“If all goes well," the decision of the Appeals Chamber published today notes, the trial of Slobodan Milosevic "should continue much as it did when the accused was healthy." However, if any serious health problems arise, the presence of assigned counsel will make it possible for the trial to continue even if the accused is rendered temporarily unable to participate.

Slobodan Milosevic in the courtroomSlobodan Milosevic in the courtroom

The Appeals Chamber today affirmed the Trial Chamber’s decision assigning counsel to Slobodan Milosevic, reaffirming at the same time the right of the accused to represent himself before the Tribunal. The task of balancing the two conclusions, which seem irreconcilable at first sight, has been referred to the Trial Chamber. It now has to define new "modalities" for the conduct of the trial.

The Appeals Chamber decision provides guidelines for the Trial Chamber to follow when defining the "modalities," i.e., the new working regime in court. The regime should "minimize the practical impact of the formal assignment of counsel" to the extent required by the interests of justice. This means that Milosevic will, when physically capable, take the lead in presenting his case, choose which witnesses he will question before assigned counsel, argue his motions before the court, and present his closing argument when the defense rests.

The Appeals Chamber notes that “in practice, if all goes well, the trial should continue much as it did when Milosevic was healthy," with the accused again “playing the principal courtroom role"; lay persons will find it hard to notice any change in the way the trial was conducted before the accused was assigned counsel.

However, if Milosevic's health deteriorates as the trial continues, the presence of assigned counsel would, in the opinion of the Appeals Chamber, make it possible for the trial to continue even if the accused is rendered temporarily unable to participate. It will be up to the Trial Chamber to decide when the roles in the courtroom should be reshuffled.

Although the right of the accused to represent himself is "indisputable," the Statement of Reasons in the Appeals Chamber decision notes that jurisprudence all over the world recognizes that the right to self-representation is not "categorically inviolable" or absolute. The right of an accused to defend himself is subject to certain limitations, but those limitations should not be greater than what is "necessary to achieve the goals" which prompted their introduction.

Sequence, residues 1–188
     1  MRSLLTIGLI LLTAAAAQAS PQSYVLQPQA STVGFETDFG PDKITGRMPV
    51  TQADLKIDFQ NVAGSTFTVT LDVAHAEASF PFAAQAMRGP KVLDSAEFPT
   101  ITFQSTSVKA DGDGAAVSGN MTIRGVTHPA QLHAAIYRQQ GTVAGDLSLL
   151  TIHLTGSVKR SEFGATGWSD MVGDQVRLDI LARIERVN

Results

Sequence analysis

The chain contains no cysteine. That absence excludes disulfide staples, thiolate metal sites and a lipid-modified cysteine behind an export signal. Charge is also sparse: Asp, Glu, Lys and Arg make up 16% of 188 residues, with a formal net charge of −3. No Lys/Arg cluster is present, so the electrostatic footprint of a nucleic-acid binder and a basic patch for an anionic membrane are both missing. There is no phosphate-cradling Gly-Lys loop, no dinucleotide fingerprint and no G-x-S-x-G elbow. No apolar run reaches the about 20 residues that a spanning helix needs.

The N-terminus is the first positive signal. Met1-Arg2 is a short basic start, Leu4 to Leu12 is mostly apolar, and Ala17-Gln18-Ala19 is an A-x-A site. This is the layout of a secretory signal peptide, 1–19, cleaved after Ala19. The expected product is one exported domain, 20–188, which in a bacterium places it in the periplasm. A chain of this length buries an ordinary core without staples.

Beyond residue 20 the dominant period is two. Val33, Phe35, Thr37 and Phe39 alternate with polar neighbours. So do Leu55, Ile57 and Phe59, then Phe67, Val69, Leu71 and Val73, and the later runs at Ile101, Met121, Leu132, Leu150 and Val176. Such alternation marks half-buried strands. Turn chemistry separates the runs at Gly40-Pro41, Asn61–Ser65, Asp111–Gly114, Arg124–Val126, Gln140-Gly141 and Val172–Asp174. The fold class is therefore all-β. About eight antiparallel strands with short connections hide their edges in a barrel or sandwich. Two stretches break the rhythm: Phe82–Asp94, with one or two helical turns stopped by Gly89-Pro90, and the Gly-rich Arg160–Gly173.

In the Appeals Chamber’s opinion, the error in the Milosevic case was not that counsel was assigned to him for health reasons, but the imposition of greater limitations than were strictly necessary for the presentation of his defense. While it affirmed the first-instance decision to assign counsel, the Appeals Chamber remanded the so-called Order on Modalities – the working regime in the courtroom – to the Trial Chamber, which is to modify and harmonize it with the above-mentioned guidelines.

In addition to the Order on Modalities, the Trial Chamber also has before it the request filed by assigned counsel, Steven Kay and Gillian Higgins, which was referred there by the Registry. The British lawyers no longer want to play the role entrusted to them – the role that has been substantially changed by the Appeals Chamber decision made public today.

It remains to be seen whether Milosevic will be satisfied with the restoration of his "principal role" in the courtroom with the continued presence of assigned counsel--who may step in and replace him if he falls ill--or whether he will persevere in the "all or nothing" game.